Something different
Perrys; 1811 Columbia Rd., NW; 202-234-6218
It’s not easy to put Perrys into any category. It’s a stylish neighborhood spot with couches and a fireplace by night—and a legendary drag-brunch destination on Sundays. It serves Modern American classics such as crabcakes and an excellent short-rib bacon-cheeseburger. It also has an ambitious sushi bar—try the Phoenix roll with tempura shrimp, avocado, and tuna. Finish with a moist chocolate-buttermilk cake.

Adventurous eating:
Eola; 2020 P St., NW; 202-466-4441
Fans of everything offal flock to Eola for chef Daniel Singhofen’s revelatory takes on tongues, hearts, and kidneys. If you’re not that adventurous, check out the monthly Sunday brunch, where you can have pancakes with not one kind of bacon but six.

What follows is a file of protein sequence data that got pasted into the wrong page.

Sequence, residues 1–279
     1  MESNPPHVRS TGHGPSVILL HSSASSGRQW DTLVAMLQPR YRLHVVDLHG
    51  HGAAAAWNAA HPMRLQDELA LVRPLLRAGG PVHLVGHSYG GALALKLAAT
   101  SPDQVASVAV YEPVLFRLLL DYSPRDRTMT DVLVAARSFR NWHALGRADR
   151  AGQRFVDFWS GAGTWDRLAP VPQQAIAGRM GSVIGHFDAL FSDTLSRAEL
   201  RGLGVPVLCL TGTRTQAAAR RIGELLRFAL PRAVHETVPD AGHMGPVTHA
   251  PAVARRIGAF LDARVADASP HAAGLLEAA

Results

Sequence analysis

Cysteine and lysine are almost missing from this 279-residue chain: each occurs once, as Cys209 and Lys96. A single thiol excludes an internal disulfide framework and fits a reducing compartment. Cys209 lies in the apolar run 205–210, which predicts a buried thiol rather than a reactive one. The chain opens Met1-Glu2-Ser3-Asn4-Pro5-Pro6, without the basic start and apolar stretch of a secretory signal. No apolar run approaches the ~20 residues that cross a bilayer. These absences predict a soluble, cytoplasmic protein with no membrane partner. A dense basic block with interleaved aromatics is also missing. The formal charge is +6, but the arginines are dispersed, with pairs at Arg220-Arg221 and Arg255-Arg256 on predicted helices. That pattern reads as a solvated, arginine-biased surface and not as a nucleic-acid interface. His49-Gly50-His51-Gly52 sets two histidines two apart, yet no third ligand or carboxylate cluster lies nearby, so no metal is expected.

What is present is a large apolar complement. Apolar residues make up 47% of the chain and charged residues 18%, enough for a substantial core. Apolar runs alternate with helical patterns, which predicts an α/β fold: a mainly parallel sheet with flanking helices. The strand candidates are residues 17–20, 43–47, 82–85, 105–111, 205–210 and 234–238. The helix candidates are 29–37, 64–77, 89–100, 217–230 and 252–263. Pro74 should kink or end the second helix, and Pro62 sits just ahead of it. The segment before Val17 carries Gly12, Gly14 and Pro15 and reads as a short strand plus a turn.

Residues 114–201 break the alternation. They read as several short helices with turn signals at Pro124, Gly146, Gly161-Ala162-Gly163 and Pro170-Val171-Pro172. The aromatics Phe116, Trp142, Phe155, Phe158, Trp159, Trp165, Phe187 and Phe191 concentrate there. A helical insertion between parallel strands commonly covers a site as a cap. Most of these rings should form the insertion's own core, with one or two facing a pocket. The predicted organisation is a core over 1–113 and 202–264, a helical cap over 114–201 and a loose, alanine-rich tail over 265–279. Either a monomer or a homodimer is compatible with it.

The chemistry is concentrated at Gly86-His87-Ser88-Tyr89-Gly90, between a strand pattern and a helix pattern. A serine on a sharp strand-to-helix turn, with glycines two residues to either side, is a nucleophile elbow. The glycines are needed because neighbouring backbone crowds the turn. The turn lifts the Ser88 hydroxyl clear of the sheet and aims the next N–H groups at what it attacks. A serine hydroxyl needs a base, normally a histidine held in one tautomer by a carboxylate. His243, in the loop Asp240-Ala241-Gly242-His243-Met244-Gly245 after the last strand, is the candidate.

A taste of the tropics
Urbana; 2121 P St., NW; 202-956-6650
New chef John Critchley’s menu at Urbana is still a work in progress, but one big hit is his shellfish stew with citrus-scented coconut broth. Start with a cocktail such as the gingery Calm Before the Storm or the Short Fuse, a mix of rum, pineapple, and chili-lime bitters.

This article appears in the May 2011 issue of The Washingtonian.

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Ann Limpert
Executive Food Editor/Critic

Ann Limpert joined Washingtonian in late 2003. She was previously an editorial assistant at Entertainment Weekly and a cook in New York restaurant kitchens, and she is a graduate of the Institute of Culinary Education. She lives in Petworth.